Let $\Omega$ be a domain of a Riemannian manifold $M$. Let $\Omega_{D}$ be the diagonal of $\Omega$, that is,

$\Omega_{D} = \{(x,y)\in \Omega \times \Omega : x=y \}$.

According to my text, Green's function $G$ is defined as follows:

"A continuous function $G:(\bar{\Omega} \times \bar{\Omega}) \rightarrow \mathbb{R}$ is a Green's function of $\Omega$, if $G\mid \{(\Omega \times \Omega)\backslash\Omega_{D}\} \in C^{2}$,

$(\Delta _{y}G)(x,y)=0$

for all $x,y \in \Omega$.

$G\mid \Omega \times \Gamma =0$ (where $\Gamma=\partial \Omega$),

and, near $\Omega_{D}$, $G$ is given by

$G(x,y)=\psi(x,y) + h(x,y)$ ,

where $h\in C^{0}(\bar{\Omega}\times \bar{\Omega})\cap C^{2}(\Omega\times\Omega),$ and

$\psi(x,y)=\frac{1}{c_{n-1}}\biggl\{\begin{array}{11} d^{2-n}(x,y)/n-2,&n>2\\ -\log d(x,y),&n=2 \end{array} $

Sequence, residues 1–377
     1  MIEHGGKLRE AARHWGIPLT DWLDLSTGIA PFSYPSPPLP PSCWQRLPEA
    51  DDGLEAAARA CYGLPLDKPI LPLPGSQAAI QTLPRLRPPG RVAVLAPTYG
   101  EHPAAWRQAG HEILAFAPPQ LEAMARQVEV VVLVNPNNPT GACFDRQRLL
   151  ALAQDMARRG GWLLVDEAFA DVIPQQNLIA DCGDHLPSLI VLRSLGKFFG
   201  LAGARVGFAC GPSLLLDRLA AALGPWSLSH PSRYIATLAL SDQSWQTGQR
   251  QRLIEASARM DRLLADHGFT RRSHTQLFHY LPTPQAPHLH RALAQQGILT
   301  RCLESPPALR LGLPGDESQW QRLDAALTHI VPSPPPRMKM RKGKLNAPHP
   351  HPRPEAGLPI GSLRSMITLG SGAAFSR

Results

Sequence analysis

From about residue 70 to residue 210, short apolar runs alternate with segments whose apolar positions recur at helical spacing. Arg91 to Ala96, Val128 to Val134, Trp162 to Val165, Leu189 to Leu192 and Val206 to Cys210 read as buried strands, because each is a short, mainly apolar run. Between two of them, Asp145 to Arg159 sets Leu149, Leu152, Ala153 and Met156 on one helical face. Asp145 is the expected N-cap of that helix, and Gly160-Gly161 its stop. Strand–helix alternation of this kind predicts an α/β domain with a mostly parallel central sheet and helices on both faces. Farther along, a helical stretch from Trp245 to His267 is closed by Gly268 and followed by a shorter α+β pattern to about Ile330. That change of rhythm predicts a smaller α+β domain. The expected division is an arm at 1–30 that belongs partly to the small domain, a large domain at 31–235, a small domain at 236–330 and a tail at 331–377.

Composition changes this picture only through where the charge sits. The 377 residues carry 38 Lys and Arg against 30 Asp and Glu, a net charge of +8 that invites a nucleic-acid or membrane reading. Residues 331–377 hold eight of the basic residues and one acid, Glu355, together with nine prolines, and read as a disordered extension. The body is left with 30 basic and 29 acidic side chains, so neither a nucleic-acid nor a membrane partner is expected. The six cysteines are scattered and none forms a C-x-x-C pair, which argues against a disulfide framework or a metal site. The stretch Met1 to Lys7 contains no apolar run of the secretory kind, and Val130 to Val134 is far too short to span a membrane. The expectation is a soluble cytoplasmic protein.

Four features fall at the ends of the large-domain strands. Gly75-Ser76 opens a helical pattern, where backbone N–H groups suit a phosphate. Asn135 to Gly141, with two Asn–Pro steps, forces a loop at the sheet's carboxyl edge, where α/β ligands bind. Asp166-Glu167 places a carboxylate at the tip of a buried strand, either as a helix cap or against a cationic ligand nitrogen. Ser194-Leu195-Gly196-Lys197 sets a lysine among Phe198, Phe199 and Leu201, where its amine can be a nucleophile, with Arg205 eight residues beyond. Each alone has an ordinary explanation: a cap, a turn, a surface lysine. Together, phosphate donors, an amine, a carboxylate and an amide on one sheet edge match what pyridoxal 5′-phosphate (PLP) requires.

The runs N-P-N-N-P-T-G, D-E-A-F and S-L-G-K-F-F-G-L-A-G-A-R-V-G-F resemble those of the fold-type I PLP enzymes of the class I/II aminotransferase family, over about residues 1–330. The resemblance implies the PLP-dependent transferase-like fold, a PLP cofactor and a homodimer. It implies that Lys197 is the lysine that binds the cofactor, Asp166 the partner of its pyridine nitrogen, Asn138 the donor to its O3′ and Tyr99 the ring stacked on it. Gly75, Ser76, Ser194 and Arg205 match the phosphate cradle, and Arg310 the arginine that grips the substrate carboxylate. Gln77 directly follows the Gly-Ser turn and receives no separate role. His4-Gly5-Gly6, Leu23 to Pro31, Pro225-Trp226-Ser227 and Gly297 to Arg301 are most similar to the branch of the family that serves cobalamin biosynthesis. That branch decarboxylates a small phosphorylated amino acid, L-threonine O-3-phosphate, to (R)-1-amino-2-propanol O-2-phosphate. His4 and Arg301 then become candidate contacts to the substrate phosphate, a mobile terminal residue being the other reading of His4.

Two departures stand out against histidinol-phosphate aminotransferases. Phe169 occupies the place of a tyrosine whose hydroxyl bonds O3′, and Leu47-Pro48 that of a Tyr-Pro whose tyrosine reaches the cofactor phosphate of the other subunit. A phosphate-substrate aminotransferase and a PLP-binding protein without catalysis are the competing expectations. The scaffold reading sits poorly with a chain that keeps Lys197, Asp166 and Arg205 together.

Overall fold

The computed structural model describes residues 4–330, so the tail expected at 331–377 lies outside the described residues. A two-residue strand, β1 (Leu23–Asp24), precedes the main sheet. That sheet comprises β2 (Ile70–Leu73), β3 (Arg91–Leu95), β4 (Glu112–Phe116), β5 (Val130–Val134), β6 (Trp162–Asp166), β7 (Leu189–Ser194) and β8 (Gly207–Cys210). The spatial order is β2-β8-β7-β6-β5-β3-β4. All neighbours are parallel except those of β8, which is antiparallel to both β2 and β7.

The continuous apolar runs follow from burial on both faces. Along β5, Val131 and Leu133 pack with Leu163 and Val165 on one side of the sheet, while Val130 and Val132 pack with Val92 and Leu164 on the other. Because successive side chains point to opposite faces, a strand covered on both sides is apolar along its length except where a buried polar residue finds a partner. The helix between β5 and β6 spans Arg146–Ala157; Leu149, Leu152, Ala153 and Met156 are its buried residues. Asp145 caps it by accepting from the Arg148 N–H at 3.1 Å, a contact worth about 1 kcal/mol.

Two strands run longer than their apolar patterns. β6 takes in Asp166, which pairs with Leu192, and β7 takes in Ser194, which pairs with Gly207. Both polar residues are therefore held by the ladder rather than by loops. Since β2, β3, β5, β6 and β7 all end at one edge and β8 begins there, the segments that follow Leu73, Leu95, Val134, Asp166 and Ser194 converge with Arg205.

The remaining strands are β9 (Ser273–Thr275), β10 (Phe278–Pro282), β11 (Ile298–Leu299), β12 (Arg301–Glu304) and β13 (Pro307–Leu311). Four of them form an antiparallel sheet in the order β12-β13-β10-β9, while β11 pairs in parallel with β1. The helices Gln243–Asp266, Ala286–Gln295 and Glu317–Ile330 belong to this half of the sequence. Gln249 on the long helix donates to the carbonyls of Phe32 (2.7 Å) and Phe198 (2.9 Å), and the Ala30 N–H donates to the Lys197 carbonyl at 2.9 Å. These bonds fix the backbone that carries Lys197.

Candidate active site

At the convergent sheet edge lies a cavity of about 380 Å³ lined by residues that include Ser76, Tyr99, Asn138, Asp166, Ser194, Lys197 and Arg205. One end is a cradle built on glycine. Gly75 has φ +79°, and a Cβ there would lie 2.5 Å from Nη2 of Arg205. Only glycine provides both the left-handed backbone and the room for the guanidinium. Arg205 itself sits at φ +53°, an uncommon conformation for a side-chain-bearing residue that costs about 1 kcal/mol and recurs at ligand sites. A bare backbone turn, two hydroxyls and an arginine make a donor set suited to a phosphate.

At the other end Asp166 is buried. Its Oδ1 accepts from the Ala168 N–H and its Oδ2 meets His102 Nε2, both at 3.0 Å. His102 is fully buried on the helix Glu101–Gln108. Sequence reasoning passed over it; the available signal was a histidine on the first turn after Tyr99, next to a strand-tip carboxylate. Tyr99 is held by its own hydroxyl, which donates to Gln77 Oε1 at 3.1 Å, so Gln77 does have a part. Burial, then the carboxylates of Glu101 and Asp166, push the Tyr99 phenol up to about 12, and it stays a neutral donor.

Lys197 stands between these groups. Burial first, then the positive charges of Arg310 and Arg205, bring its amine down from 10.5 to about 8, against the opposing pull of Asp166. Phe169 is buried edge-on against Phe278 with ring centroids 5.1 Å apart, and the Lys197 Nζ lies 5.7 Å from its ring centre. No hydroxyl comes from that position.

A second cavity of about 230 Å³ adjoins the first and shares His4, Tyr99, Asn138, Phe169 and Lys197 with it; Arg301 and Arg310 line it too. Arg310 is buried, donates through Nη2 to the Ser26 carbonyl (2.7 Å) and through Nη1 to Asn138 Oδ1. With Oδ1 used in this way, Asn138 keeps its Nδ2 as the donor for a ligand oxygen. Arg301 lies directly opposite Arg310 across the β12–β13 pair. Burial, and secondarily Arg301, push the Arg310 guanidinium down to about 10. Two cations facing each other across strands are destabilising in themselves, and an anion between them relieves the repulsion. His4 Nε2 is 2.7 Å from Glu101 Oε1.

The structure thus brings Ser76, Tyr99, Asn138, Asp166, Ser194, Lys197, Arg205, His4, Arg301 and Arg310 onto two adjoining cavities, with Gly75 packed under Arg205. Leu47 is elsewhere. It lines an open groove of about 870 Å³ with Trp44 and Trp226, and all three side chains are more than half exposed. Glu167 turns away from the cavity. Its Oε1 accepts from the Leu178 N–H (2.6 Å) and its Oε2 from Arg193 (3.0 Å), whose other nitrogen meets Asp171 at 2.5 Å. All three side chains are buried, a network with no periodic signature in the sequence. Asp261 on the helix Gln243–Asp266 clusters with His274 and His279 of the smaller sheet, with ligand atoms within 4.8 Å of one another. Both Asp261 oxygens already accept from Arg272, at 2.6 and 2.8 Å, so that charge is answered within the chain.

where $c_{n-1}$ is volume of $(n-1)$-sphere, $d(x,y)$ is distancefunction on $M$."

But according to many other books, Green's function is definde as


where $\delta$ is Dirac's delta function,

and satisfy appropriate boundary condition."

Is these same Green's function? I think the first one is defined as a standard function, the second one is defined as a distribution. But I have never heard that Green's function is a standard function, not a distribution.

I would appriciate your help.

  • $\begingroup$ It seems like there's a typo in the quoted definition. It says $G$ restricted to $\Omega \times \Omega \setminus \Omega_{D}$ is $C^{2}$ and then (mysteriously) $\Delta_{y} G(x,y) = 0$ if $(x,y) \in \Omega \times \Omega$, but presumably what was meant was $(x,y) \in \Omega \times \Omega \setminus \Omega_{D}$. $\endgroup$ – fourierwho Jul 11 '18 at 14:17
  • $\begingroup$ Thank you so much. $\endgroup$ – Manifolds Jul 21 '18 at 2:16

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